The only other characters that even stood a chance next to Essie were her drones: Dimwit, Cusser, Clunk, Clank, Whirligig, Ticktock, and Zippy. They were her "Seven Dwarves" and they each had their own upgraded personalities that made them stand out and unforgettable and freakin' adorable! I even stand that Dimwit and Cusser probably had more personality than Dane, Kip, and the whole Candaran council combined.
The drones were Essie's best friends and just seemed to "be there" when she needed them to be. There were FEELS to be had between Essie and her drones. It was pretty great!
Overall: Stitching Snow might not have been the best retelling out there, but it was unique and very well created. The tech and the worlds and the cultures were pretty awesome with tons of room for potential. I would have loved to learn more about Garam and Candara; I would have loved to meet more of the Windsong citizens and soliders. I would have loved to travel Thandan and see the rest of the mining communities, the Ascetics, the more prosperous, livable cities...
I would also love to have a Dimwit of my own. And a Cusser. I've grown to love those drones more than the actual human beings of the Stitching Snow world.
Leading the demolition of a long-empty New York building that once housed a makeshift shelter for troubled teenagers, Lieutenant Eve Dallas’s husband uncovers two skeletons wrapped in plastic. And by the time Eve’s done with the crime scene, there are twelve murders to be solved.
The victims are all young girls. A tattooed tough girl who dealt in illegal drugs. The runaway daughter of a pair of well-to-do doctors. They all had their stories. And they all lost their chance for a better life.
Then Eve discovers a connection between the victims and someone she knows. And she grows even more determined to reveal the secrets of the place that was called The Sanctuary—and the evil concealed in one human heart.
After the disappointing Thankless in Death, I took a break from the series. I was burnt out on serial killers and there was not much police work going on in that book. With Concealed, all I can say is "Welcome Back JD....I missed you!"
What set apart this serial killer-ish murderer from the last is that the motivation for the killings was much deeper and I liked the cold-case file aspect of the story. There was not over the top chase scenes or final police operation/sting that usually ends an ...In Death book. It was a very quiet and sad ending, but one that fit this case; for me it was satisfying, but I can see how Eve Dallas and other readers may have wanted more from the villain.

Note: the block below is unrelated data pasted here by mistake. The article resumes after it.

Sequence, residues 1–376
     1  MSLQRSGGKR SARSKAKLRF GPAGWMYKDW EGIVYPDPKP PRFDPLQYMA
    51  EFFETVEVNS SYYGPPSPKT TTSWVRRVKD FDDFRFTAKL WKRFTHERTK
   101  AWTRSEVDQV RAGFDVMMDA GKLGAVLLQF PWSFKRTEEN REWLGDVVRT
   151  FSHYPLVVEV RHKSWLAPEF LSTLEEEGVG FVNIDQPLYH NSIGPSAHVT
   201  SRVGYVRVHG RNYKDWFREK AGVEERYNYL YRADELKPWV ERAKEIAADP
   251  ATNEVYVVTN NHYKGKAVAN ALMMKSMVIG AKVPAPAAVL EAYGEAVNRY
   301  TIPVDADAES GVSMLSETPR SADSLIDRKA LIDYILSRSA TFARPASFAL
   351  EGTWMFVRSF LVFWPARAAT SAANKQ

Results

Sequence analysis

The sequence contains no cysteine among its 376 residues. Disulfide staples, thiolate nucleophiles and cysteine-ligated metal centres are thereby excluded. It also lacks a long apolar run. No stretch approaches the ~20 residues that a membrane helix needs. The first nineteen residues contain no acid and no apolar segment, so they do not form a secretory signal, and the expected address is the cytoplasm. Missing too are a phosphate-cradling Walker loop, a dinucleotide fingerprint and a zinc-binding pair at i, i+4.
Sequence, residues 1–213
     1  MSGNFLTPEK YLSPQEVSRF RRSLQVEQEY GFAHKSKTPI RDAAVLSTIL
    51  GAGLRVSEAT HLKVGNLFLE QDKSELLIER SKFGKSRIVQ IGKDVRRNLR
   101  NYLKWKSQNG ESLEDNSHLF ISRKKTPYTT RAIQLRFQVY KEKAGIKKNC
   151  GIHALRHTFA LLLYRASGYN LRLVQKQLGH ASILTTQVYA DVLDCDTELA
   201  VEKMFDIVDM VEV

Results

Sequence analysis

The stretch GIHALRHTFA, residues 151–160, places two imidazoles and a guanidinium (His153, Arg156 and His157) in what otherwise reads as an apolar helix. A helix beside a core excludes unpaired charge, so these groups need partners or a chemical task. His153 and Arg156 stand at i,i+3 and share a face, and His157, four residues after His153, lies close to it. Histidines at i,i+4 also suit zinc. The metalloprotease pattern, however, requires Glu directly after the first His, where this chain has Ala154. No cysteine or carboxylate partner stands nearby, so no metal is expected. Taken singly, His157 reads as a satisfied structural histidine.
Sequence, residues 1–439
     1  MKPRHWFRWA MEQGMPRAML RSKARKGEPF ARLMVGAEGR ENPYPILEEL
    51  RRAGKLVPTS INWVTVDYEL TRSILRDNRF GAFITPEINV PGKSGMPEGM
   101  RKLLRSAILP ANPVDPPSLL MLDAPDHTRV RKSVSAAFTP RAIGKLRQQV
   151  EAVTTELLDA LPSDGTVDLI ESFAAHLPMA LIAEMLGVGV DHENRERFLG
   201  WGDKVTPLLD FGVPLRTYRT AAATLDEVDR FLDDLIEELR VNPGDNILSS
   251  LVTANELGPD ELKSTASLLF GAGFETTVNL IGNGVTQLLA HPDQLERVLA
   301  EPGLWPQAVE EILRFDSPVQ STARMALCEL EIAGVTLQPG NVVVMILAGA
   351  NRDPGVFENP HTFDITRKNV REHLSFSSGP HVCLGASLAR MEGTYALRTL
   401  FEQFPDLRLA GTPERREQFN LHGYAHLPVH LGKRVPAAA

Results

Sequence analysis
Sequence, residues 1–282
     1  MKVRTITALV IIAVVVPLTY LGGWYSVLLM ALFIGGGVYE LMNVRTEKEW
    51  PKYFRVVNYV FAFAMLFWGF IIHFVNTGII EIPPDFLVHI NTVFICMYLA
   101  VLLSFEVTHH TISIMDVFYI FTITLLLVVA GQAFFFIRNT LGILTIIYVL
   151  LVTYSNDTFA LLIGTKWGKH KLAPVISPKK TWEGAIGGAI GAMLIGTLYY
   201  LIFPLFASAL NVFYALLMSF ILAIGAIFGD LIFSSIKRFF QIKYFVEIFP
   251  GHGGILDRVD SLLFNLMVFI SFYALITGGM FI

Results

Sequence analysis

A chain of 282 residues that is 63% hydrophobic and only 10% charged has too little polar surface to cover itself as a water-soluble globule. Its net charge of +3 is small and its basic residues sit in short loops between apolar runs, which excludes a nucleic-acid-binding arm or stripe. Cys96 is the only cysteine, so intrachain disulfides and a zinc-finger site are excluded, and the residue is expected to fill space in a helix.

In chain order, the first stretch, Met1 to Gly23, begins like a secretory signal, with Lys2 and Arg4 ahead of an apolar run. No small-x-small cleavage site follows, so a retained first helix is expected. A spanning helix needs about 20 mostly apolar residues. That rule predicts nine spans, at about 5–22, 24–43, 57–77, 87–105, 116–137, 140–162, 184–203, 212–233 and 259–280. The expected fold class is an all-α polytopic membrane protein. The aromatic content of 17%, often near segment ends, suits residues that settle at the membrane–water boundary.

I like seeing more of Mavis in this book - her part in the story has given her character more weight and she has come a far distance from the flighty BFF of Eve's in those early books. I also like that the cast of characters for the mystery parts of the book stayed in the single digits; sometimes these stories get carried away with the amount of potential villains.
Overall, I didn't want to put this book down. It was a quieter book than the last few, but the quiet suited the story rather than muted it. 4 stars.
Happy 20th Anniversary to the ...In Death series and JD Robb/Nora Roberts!
Twelve-year-old Flavia de Luce is out of her element in this, the seventh installment, of Alan Bradley's series. The start of the novel has her on a ship, mid-way across the Atlantic, bound for Canada, where she will be starting her education at Miss Bodycote's Female Academy. She barely has time to settle into her new home when a body comes tumbling down from the chimney, wrapped in the Union Jack, with an animal scull replacing its head. Her homesickness is gone at the prospect of a mystery to solve and she gets right to work. Her investigations reveals students gone mysteriously missing from Miss Bodycote's, a secret society, and a teacher with a murderous past.